Sunday, 24 March 2019

Isaac Hayes - Black Moses (1971)


  

Released November 1971

After the extended soul grooves, often of easy listening or other soul standards, on "Hot Buttered Soul" and "...To Be Continued", and the iconic movie soundtrack "Shaft", Isaac Hayes gave us this, his first double album. Basically, it was more of the same - lengthy, seductive soulful workouts immaculately played by The Bar-Kays and topped off with Hayes's deep, but honeyed vocals. The album is full of serious soul and funk. It doesn't have the social message of Marvin Gaye or Curtis Mayfield's material, or that of The Temptations or The Undisputed Truth, for that matter. What it has is love - big, late-night love. Without this as an inspiration, would there have been any Barry White sensual, semi-spoken "lay down on the couch, honey" numbers? Hayes wrote the book of "loverman" cliches with this. That is not to say that it is not seriously soulful, though. It is chock full of deep soul.

Regarding its cultural effect - this was a soul artist putting out a very credible, uncommercial double album. Stuff like this really provided a landmark in the development of soul/black music.

TRACK LISTING

1. Never Can Say Goodbye
2. (They Long To Be) Close To You
3. Nothing Takes The Place Of You
4. Man's Temptation
5. Part-Time Love
6. Medley: Ike's Rap IV/ A Brand New Me
7. Going In Circles
8. Never Gonna Give You Up
9. Medley: Ike's Rap II/Help Me Love
10. Need To Belong To Someone
11. Good Love 6-9-9-6-9
12. Medley: Ike's Rap III/Your Love Is So Doggone
13. For The Good Times
14. I'll Never Fall In Love Again

"Never Say Goodbye" is a deep, resonant version of the upbeat song made famous by The Jackson 5 and later by Gloria Gaynor. This ain't no disco number. It is a sultry slow burner. The cover of The Carpenters' "(They Long To Be) Close To You" doesn't really work for me and, for once, the accusation that it goes on too long holds some weight. It seems to lose the beauty of the original melody somewhat. "Nothing Takes The Place Of You" is a sumptuous, deep soul ballad with an almost slow rock 'n' roll-style piano backing. "Man's Temptation" is an organ and backing vocal driven groover, with a rumbling bass line and some funky wah-wah guitar. Hayes' vocal is supremely deep and warm. The beat on this is magnificently grinding, in an insistent, bassy fashion. It is addictive soul music of the highest quality.

"Part-Time Love" is so deliciously funky. It has an almost reggae-like intro and some infectious percussion. It is another eight minute groove. This album was also notable for its three spoken "raps", which featured Hayes speaking a long, yearning intro over a subtle bass/keyboard backing before eventually launching into the song that is linked with each rap. The intros are very much in the style of the songs Barry White would specialise in just a few years later. His songs were more string orchestrated, though. Hayes's are more purely soulful in their bass, piano and drum backing. Strings are used, and brass too, but it that slow seductive bass rhythm that underpins the material.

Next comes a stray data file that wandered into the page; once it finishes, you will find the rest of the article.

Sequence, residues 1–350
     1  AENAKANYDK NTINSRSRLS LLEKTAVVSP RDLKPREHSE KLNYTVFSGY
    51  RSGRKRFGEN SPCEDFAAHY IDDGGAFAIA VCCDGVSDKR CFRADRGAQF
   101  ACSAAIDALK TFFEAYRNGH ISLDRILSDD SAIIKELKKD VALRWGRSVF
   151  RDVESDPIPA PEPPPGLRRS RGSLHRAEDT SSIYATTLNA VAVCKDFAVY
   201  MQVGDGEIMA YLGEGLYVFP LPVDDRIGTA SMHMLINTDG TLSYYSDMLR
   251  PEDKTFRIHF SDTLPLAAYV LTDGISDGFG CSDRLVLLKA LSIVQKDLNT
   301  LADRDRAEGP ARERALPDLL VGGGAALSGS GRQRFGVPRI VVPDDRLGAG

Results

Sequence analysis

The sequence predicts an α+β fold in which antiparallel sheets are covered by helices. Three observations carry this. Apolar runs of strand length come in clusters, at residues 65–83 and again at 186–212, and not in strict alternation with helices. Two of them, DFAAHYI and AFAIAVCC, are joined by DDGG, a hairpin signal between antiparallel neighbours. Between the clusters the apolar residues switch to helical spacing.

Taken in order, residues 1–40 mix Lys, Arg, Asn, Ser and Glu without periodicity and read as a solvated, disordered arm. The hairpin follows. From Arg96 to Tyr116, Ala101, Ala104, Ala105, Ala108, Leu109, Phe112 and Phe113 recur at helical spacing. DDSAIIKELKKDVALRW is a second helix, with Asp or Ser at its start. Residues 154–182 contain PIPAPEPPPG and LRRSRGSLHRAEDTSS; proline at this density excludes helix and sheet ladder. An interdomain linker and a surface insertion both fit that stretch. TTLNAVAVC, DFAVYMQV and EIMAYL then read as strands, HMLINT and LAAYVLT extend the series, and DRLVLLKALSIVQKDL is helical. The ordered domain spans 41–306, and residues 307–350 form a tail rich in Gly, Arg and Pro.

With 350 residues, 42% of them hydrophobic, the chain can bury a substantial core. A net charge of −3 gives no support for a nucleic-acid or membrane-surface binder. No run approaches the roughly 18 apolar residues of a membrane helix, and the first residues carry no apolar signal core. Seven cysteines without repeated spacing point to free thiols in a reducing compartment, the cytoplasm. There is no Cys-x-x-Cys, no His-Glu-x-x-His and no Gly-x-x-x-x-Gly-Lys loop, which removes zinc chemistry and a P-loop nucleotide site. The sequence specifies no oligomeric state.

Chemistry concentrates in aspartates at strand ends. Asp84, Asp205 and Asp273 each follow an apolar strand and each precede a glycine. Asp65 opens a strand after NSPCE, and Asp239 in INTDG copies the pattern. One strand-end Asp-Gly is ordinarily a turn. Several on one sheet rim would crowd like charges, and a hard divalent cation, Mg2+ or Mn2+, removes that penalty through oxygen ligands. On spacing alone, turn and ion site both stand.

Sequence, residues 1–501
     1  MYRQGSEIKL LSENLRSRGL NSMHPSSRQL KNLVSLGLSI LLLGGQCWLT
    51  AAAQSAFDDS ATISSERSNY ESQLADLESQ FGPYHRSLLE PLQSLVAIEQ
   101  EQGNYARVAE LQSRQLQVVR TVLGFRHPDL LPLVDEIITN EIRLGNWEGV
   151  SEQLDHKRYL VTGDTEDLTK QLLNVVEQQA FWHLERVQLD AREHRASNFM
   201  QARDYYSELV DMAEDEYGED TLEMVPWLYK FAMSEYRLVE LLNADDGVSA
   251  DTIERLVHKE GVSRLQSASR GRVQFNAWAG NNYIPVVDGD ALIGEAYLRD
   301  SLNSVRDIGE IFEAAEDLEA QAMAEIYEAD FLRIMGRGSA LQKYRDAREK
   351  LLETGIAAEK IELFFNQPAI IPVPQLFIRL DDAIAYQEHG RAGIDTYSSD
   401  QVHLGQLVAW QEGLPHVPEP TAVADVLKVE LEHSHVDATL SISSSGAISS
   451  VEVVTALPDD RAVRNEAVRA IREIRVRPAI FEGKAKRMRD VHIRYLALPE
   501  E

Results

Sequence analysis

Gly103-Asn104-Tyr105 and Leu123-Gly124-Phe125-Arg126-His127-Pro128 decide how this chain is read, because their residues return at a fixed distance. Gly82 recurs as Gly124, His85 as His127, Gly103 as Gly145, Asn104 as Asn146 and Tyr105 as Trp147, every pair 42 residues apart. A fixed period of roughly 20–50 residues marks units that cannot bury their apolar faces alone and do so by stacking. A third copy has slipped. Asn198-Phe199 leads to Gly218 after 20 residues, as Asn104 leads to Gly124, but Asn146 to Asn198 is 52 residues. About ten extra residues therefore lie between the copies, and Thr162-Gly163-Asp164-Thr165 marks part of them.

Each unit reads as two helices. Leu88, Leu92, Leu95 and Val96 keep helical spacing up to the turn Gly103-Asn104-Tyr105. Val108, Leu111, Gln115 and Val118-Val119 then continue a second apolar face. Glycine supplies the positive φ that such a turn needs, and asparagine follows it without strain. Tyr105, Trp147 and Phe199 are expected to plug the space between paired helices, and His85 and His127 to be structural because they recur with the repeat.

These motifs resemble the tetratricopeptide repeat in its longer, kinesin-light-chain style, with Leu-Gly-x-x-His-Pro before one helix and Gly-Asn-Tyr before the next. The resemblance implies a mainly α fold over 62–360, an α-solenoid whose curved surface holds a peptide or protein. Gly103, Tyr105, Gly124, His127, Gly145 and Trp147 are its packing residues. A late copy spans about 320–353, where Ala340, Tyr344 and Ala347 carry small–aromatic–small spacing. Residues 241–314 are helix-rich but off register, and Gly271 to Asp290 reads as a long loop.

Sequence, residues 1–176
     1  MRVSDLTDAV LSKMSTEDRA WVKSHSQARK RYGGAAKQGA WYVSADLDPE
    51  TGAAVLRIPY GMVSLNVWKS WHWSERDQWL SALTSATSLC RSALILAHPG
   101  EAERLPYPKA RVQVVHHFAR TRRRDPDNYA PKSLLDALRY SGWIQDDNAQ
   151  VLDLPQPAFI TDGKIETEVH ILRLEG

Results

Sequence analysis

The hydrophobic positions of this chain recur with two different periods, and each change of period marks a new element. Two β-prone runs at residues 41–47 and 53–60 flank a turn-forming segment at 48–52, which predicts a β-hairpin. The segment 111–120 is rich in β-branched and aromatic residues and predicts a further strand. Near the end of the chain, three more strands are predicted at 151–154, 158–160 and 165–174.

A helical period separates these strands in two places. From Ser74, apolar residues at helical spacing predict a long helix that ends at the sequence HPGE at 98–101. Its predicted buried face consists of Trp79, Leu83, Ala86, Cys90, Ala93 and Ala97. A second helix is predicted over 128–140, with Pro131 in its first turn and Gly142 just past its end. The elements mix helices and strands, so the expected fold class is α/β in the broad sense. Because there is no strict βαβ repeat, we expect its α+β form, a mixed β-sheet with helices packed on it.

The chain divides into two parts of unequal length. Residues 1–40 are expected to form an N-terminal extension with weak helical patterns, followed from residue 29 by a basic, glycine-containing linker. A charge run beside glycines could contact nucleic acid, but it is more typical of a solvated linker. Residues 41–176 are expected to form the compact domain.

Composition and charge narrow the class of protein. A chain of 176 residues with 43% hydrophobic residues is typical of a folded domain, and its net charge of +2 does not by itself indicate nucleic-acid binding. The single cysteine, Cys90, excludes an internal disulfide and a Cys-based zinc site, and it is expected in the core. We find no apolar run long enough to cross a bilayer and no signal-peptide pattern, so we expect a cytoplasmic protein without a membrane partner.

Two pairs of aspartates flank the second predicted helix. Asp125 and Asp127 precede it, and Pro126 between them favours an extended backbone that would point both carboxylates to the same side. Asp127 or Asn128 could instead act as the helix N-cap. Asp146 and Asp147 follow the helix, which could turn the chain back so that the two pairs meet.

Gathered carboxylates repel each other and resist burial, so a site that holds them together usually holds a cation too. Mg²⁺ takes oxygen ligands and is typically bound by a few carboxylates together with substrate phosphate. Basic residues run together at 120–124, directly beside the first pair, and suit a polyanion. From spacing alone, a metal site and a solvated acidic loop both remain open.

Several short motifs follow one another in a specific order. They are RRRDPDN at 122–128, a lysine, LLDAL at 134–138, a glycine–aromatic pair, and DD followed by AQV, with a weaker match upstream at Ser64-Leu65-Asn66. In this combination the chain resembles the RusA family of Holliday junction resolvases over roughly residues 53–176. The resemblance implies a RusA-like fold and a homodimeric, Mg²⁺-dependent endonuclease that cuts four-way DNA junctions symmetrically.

"Going In Circles" has that distinctive orchestration and guitar interjection sound that so characterised "Walk On By" on "Hot Buttered Soul". "Never Gonna Give You Up" is not the song that Barry White would later write. Strange that they both wrote songs with similar titles and the same sentiments and ambience. It is more of a smooth soul number than a gritty, funky one, actually in the Barry White mode. "Need To Belong To Someone" is a wonderful piece of melodic but grand soul. Hayes's vocals are simply superb here. He is not always given the credit he deserves for his vocals. "Good Love 6-9-9-6-9" is an upbeat, pounding slice of soul/rock that offers a different feel to much of the album. Great guitar on it too. "For The Good Times" is the easy-listening Perry Como song, and is done in suitably crooning fashion, but with a solid soul backing. "I'll Never Fall In Love In Again" is the Bacharach-David song made famous by Bobbie Gentry and Dionne Warwick. Hayes's version is suitably evocative.

There is no doubt that this is a special album, although you only need to dip into a few tracks at a time to appreciate them as a whole sitting of the entire double album is just a little bit like eating too much sticky toffee pudding. Having said that, it does make you want to keep coming back for more.

B-

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